• Big groups - In the mornings from Monday to Thursday I attended morning classes that surrounded me with people. And even though there wasn't any chatter or true conversation, there is always the fact that the teacher could *gulp* call on you. Or if I'm at a party ('cause, you know me, BIG party gal. My bed, a book, and some pizza. #turnup) I stick to the walls or I hang onto whoever it is I feel most comfortable with (@ lil' sis).
  • Attractive humans - am I the only one who says stupid things around pretty people?
  • BLUSHING - It is my weakness. Whenever I get flustered, embarrassed, or my brain starts escalating down the railroad track to Fantasy Land, my face turns bright red.
  • Sweating, rapid heartbeat, stammering, feet get all trippy, shaking.

What are some common thoughts that play through your head when your anxiety is elevated?

I'm going to do something stupid.

What if I just tripped and fell and broke my face and every one laughed at me?

Is my face all red? If so, how bad? Can they tell?

I can't find this thing but I am going to pretend I have everything I need so that employee over there won't come up and try to help me.


I'm not going. Not because I don't want to, but because it's a big hassle, there will be people there that I don't know, and I'll say something stupid. OR they'll play icebreaker games and I'll have to hide in the bathroom for twenty minutes and run the risk of everyone thinking I was pooping the entire time.

* Okay, this one is a bit of a joke.

What are some tips on how those with social anxiety can beat their anxiety?

Honestly, I don't know if I'm entirely equipped to answer this question. Yes, I have my experience but sometimes my anxiety is still really bad and it feels like I haven't made any progress. I guess that's the thing about fighting it.

At some point, you have to come to the realization that not everything you fear is worth being scared of. Everytime you feel anxious or slip up, it doesn't mean your progress is erased. This isn't a FNaF game. This is real life.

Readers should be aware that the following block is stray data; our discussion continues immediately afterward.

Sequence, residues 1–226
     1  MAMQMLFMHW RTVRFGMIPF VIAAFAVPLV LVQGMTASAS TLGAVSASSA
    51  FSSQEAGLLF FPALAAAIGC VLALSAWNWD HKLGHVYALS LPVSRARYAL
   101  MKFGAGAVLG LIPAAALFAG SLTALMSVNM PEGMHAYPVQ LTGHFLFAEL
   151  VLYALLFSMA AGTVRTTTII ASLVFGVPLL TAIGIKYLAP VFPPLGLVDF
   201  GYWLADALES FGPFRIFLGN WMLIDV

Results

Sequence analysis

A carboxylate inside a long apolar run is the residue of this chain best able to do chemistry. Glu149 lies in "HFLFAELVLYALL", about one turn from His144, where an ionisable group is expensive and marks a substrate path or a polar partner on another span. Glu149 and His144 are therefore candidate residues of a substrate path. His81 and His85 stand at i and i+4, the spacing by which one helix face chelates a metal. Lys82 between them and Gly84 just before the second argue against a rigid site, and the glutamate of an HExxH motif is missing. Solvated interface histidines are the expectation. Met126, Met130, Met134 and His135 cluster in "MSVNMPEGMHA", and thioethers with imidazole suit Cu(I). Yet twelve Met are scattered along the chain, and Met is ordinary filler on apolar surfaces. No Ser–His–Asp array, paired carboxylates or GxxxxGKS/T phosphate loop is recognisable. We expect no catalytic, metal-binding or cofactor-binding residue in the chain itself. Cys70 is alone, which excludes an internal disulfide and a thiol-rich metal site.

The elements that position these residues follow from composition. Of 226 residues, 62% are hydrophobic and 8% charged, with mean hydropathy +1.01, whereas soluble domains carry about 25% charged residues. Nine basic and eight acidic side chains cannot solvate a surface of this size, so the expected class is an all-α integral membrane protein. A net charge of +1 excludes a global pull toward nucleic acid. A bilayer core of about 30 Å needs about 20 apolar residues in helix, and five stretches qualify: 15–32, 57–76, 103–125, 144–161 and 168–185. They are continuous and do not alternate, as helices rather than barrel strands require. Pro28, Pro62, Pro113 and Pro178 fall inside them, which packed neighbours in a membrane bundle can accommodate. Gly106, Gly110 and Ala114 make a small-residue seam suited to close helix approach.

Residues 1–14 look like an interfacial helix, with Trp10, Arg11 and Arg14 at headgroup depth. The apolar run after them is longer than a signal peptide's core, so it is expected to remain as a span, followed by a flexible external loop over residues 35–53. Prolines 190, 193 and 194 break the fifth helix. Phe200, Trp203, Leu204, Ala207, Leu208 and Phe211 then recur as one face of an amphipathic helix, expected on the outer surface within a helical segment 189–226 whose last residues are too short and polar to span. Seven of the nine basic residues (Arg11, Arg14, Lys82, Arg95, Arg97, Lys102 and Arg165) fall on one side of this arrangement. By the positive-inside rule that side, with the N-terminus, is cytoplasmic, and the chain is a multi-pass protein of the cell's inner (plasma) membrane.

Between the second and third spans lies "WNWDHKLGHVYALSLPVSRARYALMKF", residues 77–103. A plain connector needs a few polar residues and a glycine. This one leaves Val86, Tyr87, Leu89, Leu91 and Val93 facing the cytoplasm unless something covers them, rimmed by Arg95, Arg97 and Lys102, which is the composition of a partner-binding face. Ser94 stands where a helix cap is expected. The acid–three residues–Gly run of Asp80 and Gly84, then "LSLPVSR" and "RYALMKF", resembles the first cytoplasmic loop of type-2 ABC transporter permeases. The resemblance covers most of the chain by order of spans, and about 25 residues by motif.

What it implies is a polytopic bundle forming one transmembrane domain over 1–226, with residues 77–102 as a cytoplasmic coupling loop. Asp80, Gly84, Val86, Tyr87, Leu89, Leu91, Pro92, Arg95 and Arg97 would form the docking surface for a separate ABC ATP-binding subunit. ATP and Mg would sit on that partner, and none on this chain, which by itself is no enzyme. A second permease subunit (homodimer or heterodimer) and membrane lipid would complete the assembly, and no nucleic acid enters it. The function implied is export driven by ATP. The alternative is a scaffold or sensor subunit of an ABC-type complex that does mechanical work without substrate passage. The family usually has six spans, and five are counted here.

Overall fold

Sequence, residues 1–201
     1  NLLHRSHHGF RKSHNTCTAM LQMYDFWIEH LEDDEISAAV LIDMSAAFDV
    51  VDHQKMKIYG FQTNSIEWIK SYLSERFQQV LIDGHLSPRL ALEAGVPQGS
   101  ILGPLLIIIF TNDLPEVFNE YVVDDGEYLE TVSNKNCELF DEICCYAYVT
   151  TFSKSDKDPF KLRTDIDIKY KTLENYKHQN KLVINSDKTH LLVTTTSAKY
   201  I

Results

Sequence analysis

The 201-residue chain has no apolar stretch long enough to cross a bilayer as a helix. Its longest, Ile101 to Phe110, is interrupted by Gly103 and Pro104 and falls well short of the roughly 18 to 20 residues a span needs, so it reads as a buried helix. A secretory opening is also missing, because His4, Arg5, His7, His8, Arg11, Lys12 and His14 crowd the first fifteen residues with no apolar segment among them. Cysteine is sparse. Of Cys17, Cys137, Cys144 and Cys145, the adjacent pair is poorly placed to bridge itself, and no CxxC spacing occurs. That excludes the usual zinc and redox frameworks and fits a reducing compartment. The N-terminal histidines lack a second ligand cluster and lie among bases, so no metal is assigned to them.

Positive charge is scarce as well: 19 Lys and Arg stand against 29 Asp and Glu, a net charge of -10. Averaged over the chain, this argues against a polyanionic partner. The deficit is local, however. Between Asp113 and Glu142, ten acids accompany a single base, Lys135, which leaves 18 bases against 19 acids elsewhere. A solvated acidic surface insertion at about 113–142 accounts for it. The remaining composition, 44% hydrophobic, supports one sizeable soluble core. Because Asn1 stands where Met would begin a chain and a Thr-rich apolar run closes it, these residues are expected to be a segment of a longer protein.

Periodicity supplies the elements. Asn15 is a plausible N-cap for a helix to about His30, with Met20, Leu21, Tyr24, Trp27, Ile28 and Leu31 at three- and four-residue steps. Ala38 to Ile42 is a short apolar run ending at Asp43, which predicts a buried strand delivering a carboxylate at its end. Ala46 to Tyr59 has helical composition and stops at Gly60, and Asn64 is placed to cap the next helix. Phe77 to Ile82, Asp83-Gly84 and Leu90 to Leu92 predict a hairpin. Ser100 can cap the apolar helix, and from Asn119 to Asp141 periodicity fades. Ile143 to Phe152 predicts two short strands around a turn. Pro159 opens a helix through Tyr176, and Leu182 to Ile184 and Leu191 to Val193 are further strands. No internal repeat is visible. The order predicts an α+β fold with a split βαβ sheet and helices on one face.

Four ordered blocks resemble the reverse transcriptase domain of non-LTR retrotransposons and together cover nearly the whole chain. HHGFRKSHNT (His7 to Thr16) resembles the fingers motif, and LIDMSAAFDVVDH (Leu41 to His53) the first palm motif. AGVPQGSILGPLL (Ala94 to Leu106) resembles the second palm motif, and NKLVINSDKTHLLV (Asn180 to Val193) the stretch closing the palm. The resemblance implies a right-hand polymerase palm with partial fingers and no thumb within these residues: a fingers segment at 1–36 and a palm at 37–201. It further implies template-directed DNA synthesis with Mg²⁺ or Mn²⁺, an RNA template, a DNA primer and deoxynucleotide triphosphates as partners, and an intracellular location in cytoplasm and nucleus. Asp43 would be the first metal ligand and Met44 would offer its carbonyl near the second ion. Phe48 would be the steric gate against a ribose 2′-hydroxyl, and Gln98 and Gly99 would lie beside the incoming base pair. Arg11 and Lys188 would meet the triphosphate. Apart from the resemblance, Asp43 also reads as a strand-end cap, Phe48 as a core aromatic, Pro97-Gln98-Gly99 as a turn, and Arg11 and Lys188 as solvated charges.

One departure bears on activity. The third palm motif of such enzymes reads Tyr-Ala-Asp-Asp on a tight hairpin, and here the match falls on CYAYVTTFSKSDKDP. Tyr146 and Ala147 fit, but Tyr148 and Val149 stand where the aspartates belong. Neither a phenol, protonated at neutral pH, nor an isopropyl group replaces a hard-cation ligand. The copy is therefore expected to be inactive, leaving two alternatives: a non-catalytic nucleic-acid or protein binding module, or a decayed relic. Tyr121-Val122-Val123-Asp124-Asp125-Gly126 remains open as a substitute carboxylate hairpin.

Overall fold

If you feel the same way, I'd like to encourage you by saying each day is a step forward. Even if you feel like you're sliding backward.


Because when you make it through another day, you conquered something. Even if that something was as simple as getting out of bed or putting fuzzy socks on.

(But if that's not quite enough, here are some things that have helped me:)

  • Exercising (almost) daily - yoga is my favorite form of exercise, but Just Dance and walking the dog are just as valid Get Your Blood Movin'... movements. ;)
  • Journaling - in 2014 I kept all my depressing journal entries and smacked them together to form the phase in my life titled -- wait for it -- This is How to Be Forgotten. Can you tell what kind of mood I was in that day? But honestly, this has really helped me reflect and express the mangled pieces of myself that I can't quite communicate verbally or at least to another human being in a way that makes sense.
  • Blogging - There was a reason I stepped into blogging and that is because of everything that was going on in my life. I started this blog with the intention of pouring my heart out, writing, and pursuing my Self, and though I have lost track of this goal, I am thankful to still be pursuing it for almost six years now! (Self Known's blog anniversary is this month if I am not mistaken...)
  • Doing what you don't want to do - Like right now, for instance, I have to go pick up a couple of burrito bowls for my family, and I would rather not do that. But I've got hungry mouths to feed! Wish me luck! (/o_o)/

Do you have any more questions for me?

If so, please don't hesitate to ask. If they're personal, feel free to email me or reach out on social. I love hearing from you and helping in any way that I can.

Also, thank you for taking the time to read this. My heart blossoms with gratitude to know that someone took the time out of their busy day to sit down and peek into my life.

Stay awesome.

xx Rosie


  1. I relate to this so much, Social Anxiety has been a huge problem for me and the more I withdraw the worse it gets.
    We can beat it, or at the very least learn to live with it.
    Thanks for sharing this, I know it's super hard to share personal things like this. So be proud of yourself for putting this out there, your not alone. <3

  2. This is so hard. Proud of you. <3